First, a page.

The model has been a staple of the Vauxhall brand for 40 years as the eighth-generation arrives and it’s arguably the best, and has benefitted from input by new owners Peugeot Citroen.
A new or revised range of engines cascade into the enormous spread of models and with about 80% going to businesses and fleets the emphasis is squarely on lowering tax penalties for them while delivering a better driving experience for every user.
They have succeeded with the recalibrated 3cyl 1.2 litre unit we tested with a six-speed manual gearbox and Elite Nav trim, which is ideal for private buyers as well.
Restyled outside and in, the latest Astra immediately impressed with its tasteful cabin treatment; subtle highlights to relieve a hard plastic trim, good sized well shaped and supporting seats with a lot of adjustment reach and a lot of head and legroom.
The cabin has been designed around the driver with every major control falling neatly to hand or foot and the simple but clear instruments tell their own stories.
A neat central console carries the comprehensive infotainment display, heating and ventilation and a few secondary switches but it’s not overdone or distracting.
The climate control was straightforward, worked well with fine temperature settings, good directional selection and filled the cabin very easily. The heated screen is a £320 option however.
Oddments space was ideal for a driver who travels a lot or a family of four but the normal boot space may be small for some users unless you could gradually drop down the back seats.
Visibility was good all round and it was a dawdle to park with good sightlines and useful sensors but they are a £480 extra.
I was surprised how willing the triple-pot engine was to perform. Instant start up was followed by a good getaway as the revs. rose and while its not a road burner the acceleration is respectable, but it struggled more with passengers.
A progressive, comparatively short travel clutch, matched the slick gearchanges with their precise gate slots and you could easily stir it along if necessary with a heavier load.
The engine let you know it was working, however, as it became thrashy with higher revs and these muffled the otherwise constant road and suspension rumbles.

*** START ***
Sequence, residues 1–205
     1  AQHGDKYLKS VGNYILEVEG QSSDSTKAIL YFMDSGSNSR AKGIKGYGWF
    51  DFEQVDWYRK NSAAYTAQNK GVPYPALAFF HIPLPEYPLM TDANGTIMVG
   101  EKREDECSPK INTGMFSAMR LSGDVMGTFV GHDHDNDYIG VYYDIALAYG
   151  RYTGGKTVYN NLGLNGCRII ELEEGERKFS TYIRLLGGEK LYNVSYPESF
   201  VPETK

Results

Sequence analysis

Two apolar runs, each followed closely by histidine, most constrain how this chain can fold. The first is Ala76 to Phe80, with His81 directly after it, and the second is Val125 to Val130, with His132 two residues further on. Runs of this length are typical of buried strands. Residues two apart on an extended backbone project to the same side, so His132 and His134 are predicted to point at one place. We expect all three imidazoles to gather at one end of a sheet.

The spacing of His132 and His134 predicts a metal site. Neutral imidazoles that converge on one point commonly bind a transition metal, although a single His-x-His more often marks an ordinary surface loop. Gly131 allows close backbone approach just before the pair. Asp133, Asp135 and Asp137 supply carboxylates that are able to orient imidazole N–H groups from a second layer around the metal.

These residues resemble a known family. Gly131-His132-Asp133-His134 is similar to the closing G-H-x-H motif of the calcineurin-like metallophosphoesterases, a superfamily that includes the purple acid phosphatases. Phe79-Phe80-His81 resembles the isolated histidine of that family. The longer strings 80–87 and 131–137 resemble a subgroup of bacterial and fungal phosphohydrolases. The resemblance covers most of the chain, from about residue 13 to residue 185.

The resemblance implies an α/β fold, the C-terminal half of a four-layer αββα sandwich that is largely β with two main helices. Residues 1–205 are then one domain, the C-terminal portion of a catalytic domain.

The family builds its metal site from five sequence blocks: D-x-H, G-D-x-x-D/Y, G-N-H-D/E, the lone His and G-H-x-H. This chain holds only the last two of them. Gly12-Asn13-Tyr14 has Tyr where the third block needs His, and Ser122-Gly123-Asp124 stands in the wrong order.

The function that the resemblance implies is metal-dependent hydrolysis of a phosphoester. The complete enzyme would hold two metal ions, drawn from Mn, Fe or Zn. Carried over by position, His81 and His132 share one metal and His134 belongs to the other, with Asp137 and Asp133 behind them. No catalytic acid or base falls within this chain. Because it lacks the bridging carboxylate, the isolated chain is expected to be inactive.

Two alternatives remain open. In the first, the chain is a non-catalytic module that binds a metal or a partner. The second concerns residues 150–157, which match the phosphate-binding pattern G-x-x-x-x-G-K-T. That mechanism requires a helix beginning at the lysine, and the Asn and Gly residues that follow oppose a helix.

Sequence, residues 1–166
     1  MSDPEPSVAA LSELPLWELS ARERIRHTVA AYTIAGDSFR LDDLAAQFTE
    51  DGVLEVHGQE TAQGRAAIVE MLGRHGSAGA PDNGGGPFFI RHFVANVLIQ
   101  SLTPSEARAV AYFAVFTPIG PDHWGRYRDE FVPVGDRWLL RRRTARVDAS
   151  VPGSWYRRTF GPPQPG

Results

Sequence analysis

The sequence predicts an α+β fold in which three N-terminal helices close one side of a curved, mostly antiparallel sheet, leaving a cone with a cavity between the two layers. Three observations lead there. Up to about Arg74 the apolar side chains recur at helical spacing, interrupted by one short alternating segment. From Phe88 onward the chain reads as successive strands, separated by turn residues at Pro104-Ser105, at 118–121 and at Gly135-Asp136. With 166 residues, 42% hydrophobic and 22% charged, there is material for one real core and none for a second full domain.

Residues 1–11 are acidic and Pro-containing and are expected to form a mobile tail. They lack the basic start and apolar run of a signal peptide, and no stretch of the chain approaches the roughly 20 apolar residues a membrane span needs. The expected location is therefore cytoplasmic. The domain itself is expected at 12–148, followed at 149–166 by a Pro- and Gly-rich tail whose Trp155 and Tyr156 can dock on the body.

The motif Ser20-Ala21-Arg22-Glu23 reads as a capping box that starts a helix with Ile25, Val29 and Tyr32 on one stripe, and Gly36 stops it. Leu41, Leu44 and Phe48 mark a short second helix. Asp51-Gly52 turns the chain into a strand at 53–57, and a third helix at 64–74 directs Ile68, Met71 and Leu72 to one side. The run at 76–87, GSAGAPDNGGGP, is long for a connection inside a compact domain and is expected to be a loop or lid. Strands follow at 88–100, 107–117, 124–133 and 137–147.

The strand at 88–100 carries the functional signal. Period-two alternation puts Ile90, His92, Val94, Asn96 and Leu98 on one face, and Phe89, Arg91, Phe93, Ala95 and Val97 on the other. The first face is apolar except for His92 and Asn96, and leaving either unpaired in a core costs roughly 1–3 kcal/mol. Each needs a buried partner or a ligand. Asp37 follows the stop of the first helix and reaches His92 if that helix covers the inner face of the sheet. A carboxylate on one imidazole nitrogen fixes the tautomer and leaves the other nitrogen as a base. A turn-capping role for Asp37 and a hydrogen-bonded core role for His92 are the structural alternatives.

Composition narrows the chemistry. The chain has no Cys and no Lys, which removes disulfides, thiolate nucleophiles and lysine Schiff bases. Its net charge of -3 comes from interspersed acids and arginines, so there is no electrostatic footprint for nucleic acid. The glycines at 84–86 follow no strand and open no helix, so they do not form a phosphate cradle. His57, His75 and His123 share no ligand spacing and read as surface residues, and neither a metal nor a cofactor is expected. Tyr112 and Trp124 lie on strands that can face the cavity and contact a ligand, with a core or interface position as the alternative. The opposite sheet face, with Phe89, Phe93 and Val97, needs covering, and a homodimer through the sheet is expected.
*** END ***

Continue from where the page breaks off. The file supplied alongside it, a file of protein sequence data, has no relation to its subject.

Having said that, the Astra 1.2 easily held its own on the motorway unless you needed to accelerate at higher speed and its overall economy was very good and achieved without having to think about it.
On main roads it could have done with slightly better steering feedback which seemed too light, but its handling was responsive and its roadholding was good, slowing quickly and undramatically when tested.
Vauxhall has improved the ride of the latest Astra and it’s now among the best in its class, soaking up potholes and ridges with little complaint and yet not wallowing over longer undulations or rolling around bends.
It is easy to understand why the Vauxhall Astra is a fleet and business favourite with its running costs, but now it has moved up the scale with sophistication as well and that is a plus for private buyers who would rightly be tempted to take one for a test drive.
|Fact file||Vauxhall Astra 1.2 145ps Turbo EliteNav|
|Price: £26,210||Mechanical: 145ps 3cyl 1199cc, 6sp|
|Max Speed: 137 mph||0-62mph: 8.9 sec|
|Combined MPG: 52.8||Insurance Group: 17|
|C02 emissions: 99 g/km||Bik rating: 23%, £130FY, £145SR|
|Warranty: 3yrs/ 60,000 miles||Sizes: L4.37m, W1.81m, H1.49m|
|Bootspace: 370 to 1210 litres||Kerb weight: 1280kg|
For: Smooth powertrain, very refined, comfortable, roomy, economical, quality build feel, good handling
Against: Outright performance may disappoint, light steering, constant road noise with busy engine note when pressed and small boot if rear seats used.